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J Clin Microbiol. Apr 2001; 39(4): 1559–1565.
PMCID: PMC87970

Genetic Diversity of Mycobacterium tuberculosis in Sicily Based on Spoligotyping and Variable Number of Tandem DNA Repeats and Comparison with a Spoligotyping Database for Population-Based Analysis

Abstract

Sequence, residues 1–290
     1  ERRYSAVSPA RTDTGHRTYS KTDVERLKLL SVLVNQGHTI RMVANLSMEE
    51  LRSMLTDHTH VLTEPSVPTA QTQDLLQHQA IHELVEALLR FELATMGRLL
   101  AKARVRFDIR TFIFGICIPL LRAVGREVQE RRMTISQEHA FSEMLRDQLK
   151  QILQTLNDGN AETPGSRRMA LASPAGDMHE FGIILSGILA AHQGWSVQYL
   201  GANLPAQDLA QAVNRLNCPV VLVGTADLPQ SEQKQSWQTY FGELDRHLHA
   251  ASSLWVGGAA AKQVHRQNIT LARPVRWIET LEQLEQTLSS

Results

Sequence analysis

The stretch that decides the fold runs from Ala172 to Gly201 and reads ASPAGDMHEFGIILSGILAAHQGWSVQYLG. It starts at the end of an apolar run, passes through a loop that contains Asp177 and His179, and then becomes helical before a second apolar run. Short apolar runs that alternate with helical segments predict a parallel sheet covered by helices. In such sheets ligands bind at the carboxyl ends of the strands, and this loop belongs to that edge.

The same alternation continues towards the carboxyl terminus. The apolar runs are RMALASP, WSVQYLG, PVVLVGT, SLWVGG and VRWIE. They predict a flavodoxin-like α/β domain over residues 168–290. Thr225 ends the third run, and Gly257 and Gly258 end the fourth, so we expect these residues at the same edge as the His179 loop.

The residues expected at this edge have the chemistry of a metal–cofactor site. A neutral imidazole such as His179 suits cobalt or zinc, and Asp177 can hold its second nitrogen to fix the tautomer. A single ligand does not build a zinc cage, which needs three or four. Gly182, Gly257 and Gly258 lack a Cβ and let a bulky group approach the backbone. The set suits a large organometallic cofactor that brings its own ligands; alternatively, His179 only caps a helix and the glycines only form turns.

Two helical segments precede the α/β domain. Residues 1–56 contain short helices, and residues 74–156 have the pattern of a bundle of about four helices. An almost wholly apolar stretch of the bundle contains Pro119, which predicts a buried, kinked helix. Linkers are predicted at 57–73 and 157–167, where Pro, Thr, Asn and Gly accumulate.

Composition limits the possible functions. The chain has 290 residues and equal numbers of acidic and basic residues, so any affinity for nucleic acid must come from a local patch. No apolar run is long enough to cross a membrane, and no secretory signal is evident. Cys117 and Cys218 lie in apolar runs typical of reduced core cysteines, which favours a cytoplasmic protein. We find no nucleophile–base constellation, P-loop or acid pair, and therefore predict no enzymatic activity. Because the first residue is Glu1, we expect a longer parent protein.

In a previous study, we proposed to associate spoligotyping and typing with the variable number of tandem DNA repeats (VNTR) as an alternative strategy to IS6110-restriction fragment length polymorphism (RFLP) for molecular epidemiological studies on tuberculosis. The aim of the present study was to further evaluate this PCR-based typing strategy and to describe the population structure of Mycobacterium tuberculosis in another insular setting, Sicily. A collection of 106 DNA samples from M. tuberculosis patient isolates was characterized by spoligotyping and VNTR typing. All isolates were independently genotyped by the standard IS6110-RFLP method, and clustering results between the three methods were compared. The totals for the clustered isolates were, respectively, 15, 60, and 82% by IS6110-RFLP, spoligotyping, and VNTR typing. The most frequent spoligotype included type 42 that missed spacers 21 to 24 and spacers 33 to 36 and derived types 33, 213, and 273 that, together represented as much as 26% of all isolates, whereas the Haarlem clade of strains (types 47 and 50, VNTR allele 32333) accounted for 9% of the total strains. The combination of spoligotyping and VNTR typing results reduced the number of clusters to 43% but remained superior to the level of IS6110-RFLP clustering (ca. 15%). All but one IS6110-defined cluster were identified by the combination of spoligotyping and VNTR clustering results, whereas 9 of 15 spoligotyping-defined clusters could be further subdivided by IS6110-RFLP. Reinterpretation of previous IS6110-RFLP results in the light of spoligotyping-VNTR typing results allowed us to detect an additional cluster that was previously missed. Although less discriminative than IS6110-RFLP, our results suggest that the use of the combination of spoligotyping and VNTR typing is a good screening strategy for detecting epidemiological links for the study of tuberculosis epidemiology at the molecular level.